On the blogs

Graph For the Day: Is QE4 Far Away? -- Roger Farmer on why the Fed might be forced to intervene. This one is a bit old, but worth reading, even if you don't agree with Roger on the effect of the stock market on the unemployment rate

Lessons from the Crisis: Ending Too Big to Fail -- New head of the Minneapolis Fed, Neel Kashkari says that financial reform did not go far enough and some banks are still too big to fail

New Keynesian Orthodoxy and Hysteresis -- Robert Waldmann, at Angry Bear, on the Jerry Friedman versus establishment economists debate, and on the fact that with the Kaldor-Verdoorn law (he doesn't cite it, but that's the source of hysteresis), short run effects of macro stimulus have a more significant impact on growth


  1. Regarding the Waldmann piece, I'm not at all sure that Friedman agrees that he may have made a mistake. This does not seem to be what his response (here: http://dollarsandsense.org/Friedman-Response-to-the-Romers.pdf) is saying. See also here http://dollarsandsense.org/blog/2016/02/yet-more-links-on-friedman-sanders-kerfuffle.html (third item down the line) for what seems to me valid criticism of the Wolfers piece Waldman links to,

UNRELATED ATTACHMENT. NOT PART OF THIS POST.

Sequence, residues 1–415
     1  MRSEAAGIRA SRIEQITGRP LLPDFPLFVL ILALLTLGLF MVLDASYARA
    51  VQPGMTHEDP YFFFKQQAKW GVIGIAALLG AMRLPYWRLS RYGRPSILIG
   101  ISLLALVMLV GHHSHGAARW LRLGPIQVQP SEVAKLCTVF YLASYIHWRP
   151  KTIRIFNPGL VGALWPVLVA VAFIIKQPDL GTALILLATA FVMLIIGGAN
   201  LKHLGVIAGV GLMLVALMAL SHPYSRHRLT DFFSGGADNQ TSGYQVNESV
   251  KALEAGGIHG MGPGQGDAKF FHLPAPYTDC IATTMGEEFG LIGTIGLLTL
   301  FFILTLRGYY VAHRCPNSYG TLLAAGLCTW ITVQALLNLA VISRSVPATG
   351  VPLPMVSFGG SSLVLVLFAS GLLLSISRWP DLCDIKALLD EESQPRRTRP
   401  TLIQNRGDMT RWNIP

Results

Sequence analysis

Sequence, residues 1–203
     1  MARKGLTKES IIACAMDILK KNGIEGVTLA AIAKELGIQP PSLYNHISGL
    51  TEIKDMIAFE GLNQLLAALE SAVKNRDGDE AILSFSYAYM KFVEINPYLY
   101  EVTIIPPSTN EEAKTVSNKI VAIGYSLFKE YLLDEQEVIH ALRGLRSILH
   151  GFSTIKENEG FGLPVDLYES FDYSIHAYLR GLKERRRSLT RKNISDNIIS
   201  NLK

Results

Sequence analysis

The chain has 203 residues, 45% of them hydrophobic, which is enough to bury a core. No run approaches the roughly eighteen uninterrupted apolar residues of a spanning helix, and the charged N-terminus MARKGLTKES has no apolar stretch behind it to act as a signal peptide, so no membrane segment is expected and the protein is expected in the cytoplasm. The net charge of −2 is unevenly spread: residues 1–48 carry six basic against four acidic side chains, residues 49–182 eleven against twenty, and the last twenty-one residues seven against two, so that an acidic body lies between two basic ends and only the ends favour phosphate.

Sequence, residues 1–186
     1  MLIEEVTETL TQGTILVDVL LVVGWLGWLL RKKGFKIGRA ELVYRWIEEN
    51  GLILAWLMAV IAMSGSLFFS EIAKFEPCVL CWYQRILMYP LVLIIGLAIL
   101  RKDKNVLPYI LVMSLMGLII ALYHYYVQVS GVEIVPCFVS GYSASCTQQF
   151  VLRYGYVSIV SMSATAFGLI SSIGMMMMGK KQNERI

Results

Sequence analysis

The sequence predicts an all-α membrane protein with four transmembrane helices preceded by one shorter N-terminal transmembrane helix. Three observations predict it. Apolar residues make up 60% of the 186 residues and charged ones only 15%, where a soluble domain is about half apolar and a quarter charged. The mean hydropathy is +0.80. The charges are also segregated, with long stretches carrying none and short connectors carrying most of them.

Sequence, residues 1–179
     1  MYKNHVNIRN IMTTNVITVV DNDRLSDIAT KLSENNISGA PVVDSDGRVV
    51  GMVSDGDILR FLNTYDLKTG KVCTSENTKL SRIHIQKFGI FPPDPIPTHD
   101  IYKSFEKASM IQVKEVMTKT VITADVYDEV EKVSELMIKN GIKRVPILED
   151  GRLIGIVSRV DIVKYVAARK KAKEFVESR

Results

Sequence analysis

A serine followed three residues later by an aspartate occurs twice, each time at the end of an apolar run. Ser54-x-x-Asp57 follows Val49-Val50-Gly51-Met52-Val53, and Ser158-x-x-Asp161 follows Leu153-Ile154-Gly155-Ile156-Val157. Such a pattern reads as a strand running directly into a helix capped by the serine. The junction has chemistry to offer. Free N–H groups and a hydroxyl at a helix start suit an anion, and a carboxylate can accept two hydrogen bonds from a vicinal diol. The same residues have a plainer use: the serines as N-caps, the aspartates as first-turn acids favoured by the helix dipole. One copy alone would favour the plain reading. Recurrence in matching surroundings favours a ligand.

2. Romer and Romer claim that stimulus will only have an effect while it is being applied. And they put changes in income distribution is like this. I haven't done any formal modeling, but I don't see this. The stimulus is probably because the less affluent have a higher Marginal Propensity to Consume. I do not see why a policy that leads to a shift in distribution would not have cumulative effects on Romer and Romer's own premises, instead of being an application of an impulse function.

    Romer and Romer express an ideological view of the labor market that I find silly.


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